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What will you be drinking this Burns' Night?
So the 25th of January is swiftly approaching which means haggis season and of course celebrating Scotland’s national bard, Rabbie Burns.
Haggis for most people sounds horrible, especially when you list the ingredients, but honestly it tastes amazing. Make some mashed potatoes, Turnip mash and whisky sauce to accompany and voila you have Haggis neeps’n tatties. It’s very simple food but very tasty and satisfying.
So where do I get haggis I hear you saying and that would be O’Flynns on Marlboro Street, produced right here in Cork.
This would traditionally be washed down with either a Whisky (yes no E) or with a nice bold glass of Bordeaux in thanks to our old buddies of the Auld Alliance.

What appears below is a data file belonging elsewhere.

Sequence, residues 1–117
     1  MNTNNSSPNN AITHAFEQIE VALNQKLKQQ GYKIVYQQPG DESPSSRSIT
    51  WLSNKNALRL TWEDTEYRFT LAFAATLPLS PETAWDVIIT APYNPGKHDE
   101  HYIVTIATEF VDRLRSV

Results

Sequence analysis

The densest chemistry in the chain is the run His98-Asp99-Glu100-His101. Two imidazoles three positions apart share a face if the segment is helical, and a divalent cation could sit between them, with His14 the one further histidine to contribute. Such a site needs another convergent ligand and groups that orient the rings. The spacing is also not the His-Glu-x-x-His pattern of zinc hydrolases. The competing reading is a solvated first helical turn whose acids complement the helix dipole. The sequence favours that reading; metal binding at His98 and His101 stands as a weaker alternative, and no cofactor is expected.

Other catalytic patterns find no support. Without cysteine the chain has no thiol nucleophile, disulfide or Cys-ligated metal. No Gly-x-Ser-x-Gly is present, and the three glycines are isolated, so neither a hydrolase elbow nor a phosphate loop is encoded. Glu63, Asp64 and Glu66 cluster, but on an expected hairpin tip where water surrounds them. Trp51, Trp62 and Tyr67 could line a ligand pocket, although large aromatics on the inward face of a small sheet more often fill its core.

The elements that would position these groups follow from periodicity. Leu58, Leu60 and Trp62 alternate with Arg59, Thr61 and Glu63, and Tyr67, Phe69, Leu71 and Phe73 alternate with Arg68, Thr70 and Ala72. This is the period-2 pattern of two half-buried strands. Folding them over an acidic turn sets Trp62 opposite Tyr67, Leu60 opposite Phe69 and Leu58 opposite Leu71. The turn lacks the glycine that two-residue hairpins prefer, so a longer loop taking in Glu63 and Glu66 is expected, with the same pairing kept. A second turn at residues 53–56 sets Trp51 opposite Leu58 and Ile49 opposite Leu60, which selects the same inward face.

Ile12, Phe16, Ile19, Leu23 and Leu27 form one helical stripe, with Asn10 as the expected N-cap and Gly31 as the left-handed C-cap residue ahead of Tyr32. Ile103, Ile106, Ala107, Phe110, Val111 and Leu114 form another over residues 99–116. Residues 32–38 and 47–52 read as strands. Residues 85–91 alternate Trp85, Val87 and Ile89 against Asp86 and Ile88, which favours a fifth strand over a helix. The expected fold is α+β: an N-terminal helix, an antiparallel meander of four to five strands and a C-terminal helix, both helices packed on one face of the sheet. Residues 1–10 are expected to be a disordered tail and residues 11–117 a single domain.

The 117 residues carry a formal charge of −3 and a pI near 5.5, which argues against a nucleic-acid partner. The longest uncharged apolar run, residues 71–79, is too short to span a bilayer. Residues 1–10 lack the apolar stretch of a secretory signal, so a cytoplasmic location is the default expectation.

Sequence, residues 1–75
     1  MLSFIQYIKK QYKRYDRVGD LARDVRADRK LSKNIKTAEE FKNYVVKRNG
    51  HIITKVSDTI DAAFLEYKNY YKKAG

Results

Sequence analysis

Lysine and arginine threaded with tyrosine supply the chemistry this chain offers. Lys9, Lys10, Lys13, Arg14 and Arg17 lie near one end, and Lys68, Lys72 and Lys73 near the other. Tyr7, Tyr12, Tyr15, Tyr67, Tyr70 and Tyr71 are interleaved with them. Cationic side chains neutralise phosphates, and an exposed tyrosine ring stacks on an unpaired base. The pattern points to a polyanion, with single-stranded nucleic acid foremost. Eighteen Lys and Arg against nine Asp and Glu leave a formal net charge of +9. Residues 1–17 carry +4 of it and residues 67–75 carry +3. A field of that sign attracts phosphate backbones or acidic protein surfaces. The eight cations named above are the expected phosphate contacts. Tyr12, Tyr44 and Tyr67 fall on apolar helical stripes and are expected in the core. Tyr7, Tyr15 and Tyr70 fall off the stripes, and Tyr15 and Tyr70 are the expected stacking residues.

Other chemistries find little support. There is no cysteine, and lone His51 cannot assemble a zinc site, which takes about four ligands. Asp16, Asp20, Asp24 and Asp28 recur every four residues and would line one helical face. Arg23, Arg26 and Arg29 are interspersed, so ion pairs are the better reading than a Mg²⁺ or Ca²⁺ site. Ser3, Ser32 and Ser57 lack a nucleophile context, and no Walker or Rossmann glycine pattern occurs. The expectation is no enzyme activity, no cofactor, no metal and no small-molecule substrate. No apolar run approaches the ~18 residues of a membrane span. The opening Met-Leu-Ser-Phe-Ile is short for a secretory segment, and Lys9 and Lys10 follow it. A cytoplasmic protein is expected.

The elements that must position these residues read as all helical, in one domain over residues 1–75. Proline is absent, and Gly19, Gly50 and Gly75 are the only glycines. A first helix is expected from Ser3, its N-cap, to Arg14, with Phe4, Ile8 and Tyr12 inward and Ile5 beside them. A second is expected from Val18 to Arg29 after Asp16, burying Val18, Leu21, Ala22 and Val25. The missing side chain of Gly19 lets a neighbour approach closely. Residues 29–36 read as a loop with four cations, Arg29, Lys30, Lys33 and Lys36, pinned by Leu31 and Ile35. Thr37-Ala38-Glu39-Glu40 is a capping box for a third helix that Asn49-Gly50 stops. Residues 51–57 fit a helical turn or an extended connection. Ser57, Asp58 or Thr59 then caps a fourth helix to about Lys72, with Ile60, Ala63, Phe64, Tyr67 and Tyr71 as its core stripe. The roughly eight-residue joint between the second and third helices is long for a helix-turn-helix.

What to drink
Surprisingly Haggis is very versatile when it comes to wine pairing, from dessert wines to light and heavy reds.
After testing a few bottles these were my winners.
Jean-Luc Baldes Triguedina Esprit de Flore Cahor Malbec, France
Esprit de Flore is a rich, ripe and fruity wine bursting with red and blackberry flavours and smooth tannins. This tasty red wine is ideal on its own as an aperitif or for a match made in heaven pair with your peppery haggis. €15Château Deyrem Valentin’s 2006 Margaux, France
From Margaux this beautiful Bordeaux, Château Deyrem Valentin’s 2006 blends 55% Cabernet Sauvignon and 45% Merlot bringing a fairly chunky dark fruit based wine with nice gentle tannins, acidity and spice. That works perfectly with the spicy earthiness of haggis. €32
So if you’re looking for an excuse to have people round to the house for a wee drink and a bite to eat, accompanied with a wee bit of theatrical poetry reciting then why not celebrate Rabbie and the “great Chieftain of the puddin race” from Bonnie Scotland.